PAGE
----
A stethoscope lying on a cloth

ArtiQ in drug development

Given the success they’re seeing in patient follow-up, the team at ArtiQ is also looking into expanding their technologies into pharmaceuticals and drug development. They’re specifically looking to bring their technology to clinical trials and improving quality control of lung function measurements.

As Marko explains, “In respiratory drug development, lung function is the primary clinical tool to assess the efficiency of treatment. Therefore, it is critical for pharmaceutical companies and the success of their clinical trials that the results of these tests are consistent and reliable.” ArtiQ’s new AI-based software can do just this.

Using AI to improve healthcare

Ultimately, it’s the AI ArtiQ integrates and innovates that’s making the big difference. The ArtiQ team is profoundly aware of the changes AI is bringing to the healthcare system. As they see it, using artificial intelligence in healthcare can provide tangible support for healthcare workers. Three top examples, elaborated in a recent blog post. include:

  1. Providing consistent decision support for healthcare providers, especially where large amounts of data are involved
  2. Reducing the administrative burden so that healthcare professionals spend less time on paperwork
  3. Creating more time to focus on human interaction. The preceding two will allow health professionals to have more time with patients and for meaningful collaborations with colleagues

You can visit ArtiQ at their website and follow them via their social media channels

Pandemic Work Rhythms: Moonbird takes a look at the new “business as usual”

There’s no doubt that the novel coronavirus that causes Covid-19 has changed our lives. Of course, it has most heavily affected those directly infected, their families, and those caring for the sick. But the pandemic has affected – and will continue to affect – everyone and every facet of society, not least of which is our work rhythms.

The effects of the 2020 global pandemic on work rhythms and societal norms was the subject of a recent piece written by Karen Borremans, resident clinical psychologist at Flemish startup Moonbird. Her essay, which you can read in Dutch here, asked the big questions facing employers and employees alike these days: “Are we going to go back to the ‘normal’ work rhythm? What lessons are we learning? What will be different?”

Changes from every direction

A major theme that Karen highlights is change. We all had to change our daily life and adjust our rhythms when the pandemic and the lock downs started. Now that lock downs are lifting (and in some places being reinstated), there’s whole new sets of changes.

She points out that just because we’re adjusting back to work doesn’t mean that it’s not an adjustment. What’s more, nothing is going back to exactly the way it was. So no matter what, we’re still having to figure out new ways of working. At the same time, we’re also still figuring out new ways of playing, moving, traveling, and everything else. As official measures are revised, what we can and cannot do changes. Nothing is secure or permanent. This is challenging at the best of times, let alone in a stressful situation that has serious implications for our health.

As we transition back to a less locked down work rhythm, individuals need to be mindful of their mental health. We need to introspect, take time to breathe, and allow our emotions room so that they don’t overwhelm us. Karen further points out that we need to pay attention to our physical well-being as much as our mental: relaxation and balance need to be combined with movement and healthy eating and sleeping habits.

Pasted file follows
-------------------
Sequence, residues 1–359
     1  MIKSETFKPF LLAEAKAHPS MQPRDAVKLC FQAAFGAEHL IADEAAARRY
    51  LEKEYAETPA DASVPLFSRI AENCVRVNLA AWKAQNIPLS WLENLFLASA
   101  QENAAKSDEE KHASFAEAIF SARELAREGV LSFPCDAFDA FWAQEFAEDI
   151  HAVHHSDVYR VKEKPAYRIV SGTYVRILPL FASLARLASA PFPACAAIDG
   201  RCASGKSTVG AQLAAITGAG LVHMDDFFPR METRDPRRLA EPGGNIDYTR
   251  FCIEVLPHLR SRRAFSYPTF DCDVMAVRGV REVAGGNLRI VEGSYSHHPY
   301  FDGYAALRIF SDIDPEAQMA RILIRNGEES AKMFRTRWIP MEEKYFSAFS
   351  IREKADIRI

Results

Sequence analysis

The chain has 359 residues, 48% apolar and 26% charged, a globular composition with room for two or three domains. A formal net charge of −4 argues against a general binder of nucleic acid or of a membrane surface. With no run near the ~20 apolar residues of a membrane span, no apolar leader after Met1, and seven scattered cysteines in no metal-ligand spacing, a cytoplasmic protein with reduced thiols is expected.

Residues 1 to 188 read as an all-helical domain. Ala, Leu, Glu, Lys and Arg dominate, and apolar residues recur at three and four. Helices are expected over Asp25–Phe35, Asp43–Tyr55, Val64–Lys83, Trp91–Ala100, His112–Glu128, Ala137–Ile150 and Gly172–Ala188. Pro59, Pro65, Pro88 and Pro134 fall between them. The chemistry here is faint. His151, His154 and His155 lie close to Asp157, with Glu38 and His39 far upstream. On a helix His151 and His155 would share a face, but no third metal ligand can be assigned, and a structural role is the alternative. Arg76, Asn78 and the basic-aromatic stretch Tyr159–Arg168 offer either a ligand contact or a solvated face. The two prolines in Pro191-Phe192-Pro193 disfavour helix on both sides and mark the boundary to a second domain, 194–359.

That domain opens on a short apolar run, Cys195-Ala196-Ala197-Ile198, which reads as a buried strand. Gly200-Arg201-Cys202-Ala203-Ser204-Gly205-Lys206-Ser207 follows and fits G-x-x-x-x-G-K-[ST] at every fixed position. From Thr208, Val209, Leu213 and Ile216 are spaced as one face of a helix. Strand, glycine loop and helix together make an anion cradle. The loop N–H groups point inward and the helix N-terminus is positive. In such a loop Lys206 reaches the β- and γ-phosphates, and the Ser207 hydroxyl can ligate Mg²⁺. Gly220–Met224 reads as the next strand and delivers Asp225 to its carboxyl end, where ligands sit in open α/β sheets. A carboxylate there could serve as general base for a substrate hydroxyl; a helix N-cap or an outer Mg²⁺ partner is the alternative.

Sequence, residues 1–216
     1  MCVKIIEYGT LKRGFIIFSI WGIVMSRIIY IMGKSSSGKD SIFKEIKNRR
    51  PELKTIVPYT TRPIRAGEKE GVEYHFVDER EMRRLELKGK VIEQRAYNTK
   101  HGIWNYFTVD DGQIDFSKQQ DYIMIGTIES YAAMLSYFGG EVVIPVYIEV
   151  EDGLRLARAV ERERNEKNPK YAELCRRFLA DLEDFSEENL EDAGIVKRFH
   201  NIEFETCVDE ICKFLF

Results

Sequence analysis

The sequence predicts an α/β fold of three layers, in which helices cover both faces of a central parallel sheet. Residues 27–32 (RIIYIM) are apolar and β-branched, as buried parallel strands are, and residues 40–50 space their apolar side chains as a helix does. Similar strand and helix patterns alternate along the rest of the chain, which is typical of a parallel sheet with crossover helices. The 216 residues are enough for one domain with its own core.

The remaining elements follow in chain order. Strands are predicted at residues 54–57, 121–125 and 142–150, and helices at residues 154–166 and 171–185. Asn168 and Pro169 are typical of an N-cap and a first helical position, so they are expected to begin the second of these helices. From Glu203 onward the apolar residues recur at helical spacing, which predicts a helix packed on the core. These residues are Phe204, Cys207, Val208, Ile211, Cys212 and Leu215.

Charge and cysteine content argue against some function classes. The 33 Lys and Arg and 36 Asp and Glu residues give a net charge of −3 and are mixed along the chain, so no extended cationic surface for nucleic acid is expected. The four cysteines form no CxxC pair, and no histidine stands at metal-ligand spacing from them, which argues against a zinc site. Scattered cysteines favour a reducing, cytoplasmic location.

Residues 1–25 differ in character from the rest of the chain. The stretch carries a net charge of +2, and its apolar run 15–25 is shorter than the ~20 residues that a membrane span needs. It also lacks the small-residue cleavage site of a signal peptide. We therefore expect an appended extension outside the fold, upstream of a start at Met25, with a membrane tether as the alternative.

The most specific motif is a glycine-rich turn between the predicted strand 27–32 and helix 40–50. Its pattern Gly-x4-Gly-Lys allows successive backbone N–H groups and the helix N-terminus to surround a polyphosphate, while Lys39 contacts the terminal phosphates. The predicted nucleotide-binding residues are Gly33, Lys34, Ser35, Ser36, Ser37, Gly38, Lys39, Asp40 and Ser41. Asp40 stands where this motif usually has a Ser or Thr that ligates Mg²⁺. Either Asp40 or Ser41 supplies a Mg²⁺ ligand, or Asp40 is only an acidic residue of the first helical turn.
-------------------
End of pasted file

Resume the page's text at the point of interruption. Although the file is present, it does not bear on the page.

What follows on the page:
She specifies, “Try not to be too hard on yourself . . . Define your limits and expectations, but be flexible and adjust your expectations over time. Take the time to consider what is feasible and what is not.”

Employers’ efforts to help re-establish post pandemic work rhythms

Companies, too, can play a role in easing the transition from lock down, even as they face financial difficulties in the face of the pandemic’s economic impact. “Especially at this moment employers have to find a balance between task orientation and people orientation,” Karen writes. “For organizations it will therefore be a question of finding a balance between their economic capital and the ‘mental capital’ of their employees.”

All the new ways of working that we’ve developed during the crisis do not necessarily have to be suddenly taken off the table. It’s not a black and white story. The crisis also created many opportunities: for example, in mobility or through more teleworking. Within organizations, there need to be discussions about which positive aspects of the crisis can be retained in order to increase productivity.

Karen Borremans, (Moonbird) Clinical Psychologist

Above all, it’s about paying attention to each other. Organizations need to create an environment at work that allows for Covid-19 adjustments aside from extra hand gel and spacing between desks. Senior colleagues should be cognizant of how much they ask of employees, and be watchful for signs of stress and anxiety. Flexibility will be the name of the game as we all try to re-establish work-life balances.

Tips & Tricks for employers and colleagues

Karen spells out some concrete actions we can be aware of in our working world, both as employers and coworkers, to help make the post lock down transition smoother:

  • “Regularly do individual face-to-face check-ins: ask before a meeting how someone is really doing, how that person feels with the current situation.” This might feel invasive, but knowing how a colleague is really feeling can help inform how we handle the work environment.
  • “Show understanding for someone’s feelings and look for appropriate measures: a better work-life balance, maybe more teleworking for more days, sliding hours, slowly rebuild the workload, balance productivity with capacity and adjust someone’s tasks, Or, if necessary, referral for appropriate (mental help) such as an internal confidential counselor, external prevention advisor or psychologist.”